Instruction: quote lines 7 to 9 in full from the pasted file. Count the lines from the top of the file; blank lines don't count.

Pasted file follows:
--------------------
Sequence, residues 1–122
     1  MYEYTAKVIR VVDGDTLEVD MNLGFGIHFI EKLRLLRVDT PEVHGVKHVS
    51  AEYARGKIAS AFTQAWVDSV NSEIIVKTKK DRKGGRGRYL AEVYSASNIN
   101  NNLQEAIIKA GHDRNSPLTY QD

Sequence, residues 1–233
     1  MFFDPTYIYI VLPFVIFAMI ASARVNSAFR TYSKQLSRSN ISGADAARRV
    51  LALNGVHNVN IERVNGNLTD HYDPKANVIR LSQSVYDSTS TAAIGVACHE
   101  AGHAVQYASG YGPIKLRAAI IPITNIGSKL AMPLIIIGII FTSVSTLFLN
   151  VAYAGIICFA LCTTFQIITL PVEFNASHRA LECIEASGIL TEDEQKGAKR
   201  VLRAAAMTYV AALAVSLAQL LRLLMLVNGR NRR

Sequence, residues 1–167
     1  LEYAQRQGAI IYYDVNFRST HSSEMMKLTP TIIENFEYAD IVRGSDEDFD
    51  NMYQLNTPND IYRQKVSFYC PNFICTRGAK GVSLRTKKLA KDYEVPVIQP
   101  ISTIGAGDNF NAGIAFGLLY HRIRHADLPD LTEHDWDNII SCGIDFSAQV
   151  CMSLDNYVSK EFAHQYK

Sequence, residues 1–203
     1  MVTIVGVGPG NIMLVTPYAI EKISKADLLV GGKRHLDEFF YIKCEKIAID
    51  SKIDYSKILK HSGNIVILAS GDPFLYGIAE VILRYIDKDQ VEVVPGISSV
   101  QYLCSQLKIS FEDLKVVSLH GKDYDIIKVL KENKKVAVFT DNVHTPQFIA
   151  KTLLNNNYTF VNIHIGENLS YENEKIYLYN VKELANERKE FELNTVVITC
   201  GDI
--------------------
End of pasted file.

    51  LALNGVHNVN IERVNGNLTD HYDPKANVIR LSQSVYDSTS TAAIGVACHE
   101  AGHAVQYASG YGPIKLRAAI IPITNIGSKL AMPLIIIGII FTSVSTLFLN
   151  VAYAGIICFA LCTTFQIITL PVEFNASHRA LECIEASGIL TEDEQKGAKR